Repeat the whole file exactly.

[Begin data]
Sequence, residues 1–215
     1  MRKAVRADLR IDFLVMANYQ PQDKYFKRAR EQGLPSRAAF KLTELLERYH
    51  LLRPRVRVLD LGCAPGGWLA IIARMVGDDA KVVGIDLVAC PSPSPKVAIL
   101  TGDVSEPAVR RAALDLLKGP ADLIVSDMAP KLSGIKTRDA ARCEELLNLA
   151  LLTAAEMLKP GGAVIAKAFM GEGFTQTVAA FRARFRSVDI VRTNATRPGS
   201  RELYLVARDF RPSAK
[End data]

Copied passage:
Sequence, residues 1–215
     1  MRKAVRADLR IDFLVMANYQ PQDKYFKRAR EQGLPSRAAF KLTELLERYH
    51  LLRPRVRVLD LGCAPGGWLA IIARMVGDDA KVVGIDLVAC PSPSPKVAIL
   101  TGDVSEPAVR RAALDLLKGP ADLIVSDMAP KLSGIKTRDA ARCEELLNLA
   151  LLTAAEMLKP GGAVIAKAFM GEGFTQTVAA FRARFRSVDI VRTNATRPGS
   201  RELYLVARDF RPSAK